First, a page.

Greenfield, Greendale and Hales Corners police storm high schools in active shooter training
Hales Corners — District teachers gathered for what seemed like a normal staff development day, until gun shots were fired in the hallway.
Teachers jumped with surprise before lowering the blinds, turning off the lights and huddling to the back of the classroom. Cries were heard from students in the hallway. Some appeared injured. Others were "deceased."
Thank goodness, it was all just a drill.
Police and fire departments from Greenfield, Greendale and Hales Corners simulated an active shooter emergency at Whitnall High School on Wednesday, Aug. 27 and at Greenfield High School the following day.
It was the first time active shooter training event in the Whitnall School District, said David Cotey, communications coordinator. Planning for the multi-agency event began in 2013.
The training was as much for police and fire departments as it was for teachers.
Greenfield Police Training Officer Robert Austin began one of the sessions by firing starter pistol blanks in Whitnall's second floor science wing. When shots were heard, police and fire personnel in the classrooms discussed escape, trauma care, strategies for staying calm and combat techniques with teachers.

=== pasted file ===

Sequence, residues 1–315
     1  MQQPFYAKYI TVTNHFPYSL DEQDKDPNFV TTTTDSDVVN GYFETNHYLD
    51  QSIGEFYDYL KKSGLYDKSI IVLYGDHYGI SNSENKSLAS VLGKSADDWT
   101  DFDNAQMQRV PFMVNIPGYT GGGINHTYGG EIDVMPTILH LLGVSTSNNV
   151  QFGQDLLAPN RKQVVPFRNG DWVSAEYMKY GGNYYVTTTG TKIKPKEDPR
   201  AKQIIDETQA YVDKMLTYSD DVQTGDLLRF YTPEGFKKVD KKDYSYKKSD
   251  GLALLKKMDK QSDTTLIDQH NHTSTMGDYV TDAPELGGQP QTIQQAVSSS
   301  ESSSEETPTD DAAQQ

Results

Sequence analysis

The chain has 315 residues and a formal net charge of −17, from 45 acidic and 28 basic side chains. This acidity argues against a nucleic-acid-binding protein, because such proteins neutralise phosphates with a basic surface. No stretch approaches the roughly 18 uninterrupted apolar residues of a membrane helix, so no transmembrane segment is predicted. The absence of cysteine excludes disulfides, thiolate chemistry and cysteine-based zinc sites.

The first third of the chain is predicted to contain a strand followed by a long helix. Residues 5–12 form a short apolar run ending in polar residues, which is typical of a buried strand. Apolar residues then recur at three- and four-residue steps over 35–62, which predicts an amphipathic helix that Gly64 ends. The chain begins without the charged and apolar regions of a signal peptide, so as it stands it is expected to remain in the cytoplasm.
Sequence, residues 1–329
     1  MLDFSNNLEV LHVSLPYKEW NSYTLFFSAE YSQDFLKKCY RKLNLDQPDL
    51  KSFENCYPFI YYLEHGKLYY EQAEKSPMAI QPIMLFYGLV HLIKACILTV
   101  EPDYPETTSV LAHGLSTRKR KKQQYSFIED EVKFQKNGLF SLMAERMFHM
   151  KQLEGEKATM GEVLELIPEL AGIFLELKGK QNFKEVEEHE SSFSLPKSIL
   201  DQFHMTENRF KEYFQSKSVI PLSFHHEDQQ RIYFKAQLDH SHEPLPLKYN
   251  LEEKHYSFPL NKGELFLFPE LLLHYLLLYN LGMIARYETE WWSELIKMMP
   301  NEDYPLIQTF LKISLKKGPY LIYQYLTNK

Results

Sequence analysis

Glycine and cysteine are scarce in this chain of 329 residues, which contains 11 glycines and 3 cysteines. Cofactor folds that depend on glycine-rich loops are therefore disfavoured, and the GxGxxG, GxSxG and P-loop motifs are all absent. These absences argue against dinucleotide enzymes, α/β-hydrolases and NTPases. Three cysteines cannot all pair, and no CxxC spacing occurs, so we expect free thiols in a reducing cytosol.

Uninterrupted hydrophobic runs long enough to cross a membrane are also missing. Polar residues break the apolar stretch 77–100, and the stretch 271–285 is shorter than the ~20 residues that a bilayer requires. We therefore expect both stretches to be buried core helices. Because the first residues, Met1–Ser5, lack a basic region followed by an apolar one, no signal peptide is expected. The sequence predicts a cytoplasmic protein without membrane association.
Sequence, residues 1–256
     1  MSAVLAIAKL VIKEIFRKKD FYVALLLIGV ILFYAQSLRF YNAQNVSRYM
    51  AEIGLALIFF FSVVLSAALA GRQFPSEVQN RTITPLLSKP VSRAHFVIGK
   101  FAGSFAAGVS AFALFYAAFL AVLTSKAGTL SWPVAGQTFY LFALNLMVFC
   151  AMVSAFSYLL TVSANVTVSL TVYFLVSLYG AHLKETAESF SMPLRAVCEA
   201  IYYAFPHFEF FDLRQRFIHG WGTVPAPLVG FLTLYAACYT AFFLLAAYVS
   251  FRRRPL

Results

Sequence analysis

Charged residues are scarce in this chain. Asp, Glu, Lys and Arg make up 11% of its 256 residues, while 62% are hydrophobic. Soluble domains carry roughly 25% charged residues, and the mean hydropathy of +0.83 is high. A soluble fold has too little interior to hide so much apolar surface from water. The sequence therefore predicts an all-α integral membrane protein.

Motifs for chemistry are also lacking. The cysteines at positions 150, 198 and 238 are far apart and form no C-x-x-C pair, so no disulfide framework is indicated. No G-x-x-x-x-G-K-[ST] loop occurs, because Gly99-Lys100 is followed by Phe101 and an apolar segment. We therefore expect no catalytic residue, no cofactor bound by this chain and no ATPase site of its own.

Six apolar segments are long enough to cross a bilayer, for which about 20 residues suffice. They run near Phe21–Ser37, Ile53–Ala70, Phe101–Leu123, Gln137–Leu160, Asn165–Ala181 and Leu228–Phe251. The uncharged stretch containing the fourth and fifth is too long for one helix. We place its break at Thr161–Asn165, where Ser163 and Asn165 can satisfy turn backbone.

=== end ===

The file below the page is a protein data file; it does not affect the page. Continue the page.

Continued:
Grennefield Police Sgt. Ray Radakovich said common classroom objects, like a pair of scissors, can be used as a weapon against an attacker.
"It's a real threat we have to understand. It can happen here and we have to be prepared," said Radakovich.
Students volunteered as injury victims to lay in hallways and classrooms while awaiting medical assistance.
"Our first order of business is to locate and stop the threat, but we also need a way to get EMS (emergency medical services) people into the scene and start triage as soon as possible," said Greenfield Police Chief Brad Wentlandt. Triage is the act of addressing wounds based on their degree of urgency.
Wentlandt said the Greenfield Police Department wanted to include Hales Corners and Greendale in the training because their officers and EMS personnel may be some of the first arriving units if an active shooter incident were to happen.
Teachers said it helped them to hear an actual gunshot, followed by an explanation of how to respond.
"I think everyone feels a lot safer," said an elementary school teacher who wished to remain anonymous.
Radakovich said that Whitnall's district has "two of the eastiest schools to shut down," referring to the high school and middle school, which are located across the street from each other on South 116th Street. Edgerton Elementary is also on South 116th Street, just south of the two primary schools.
"The whole street would become a safety zone," said Radakovich.
All schools in a district would lock down if there was an active shooter.
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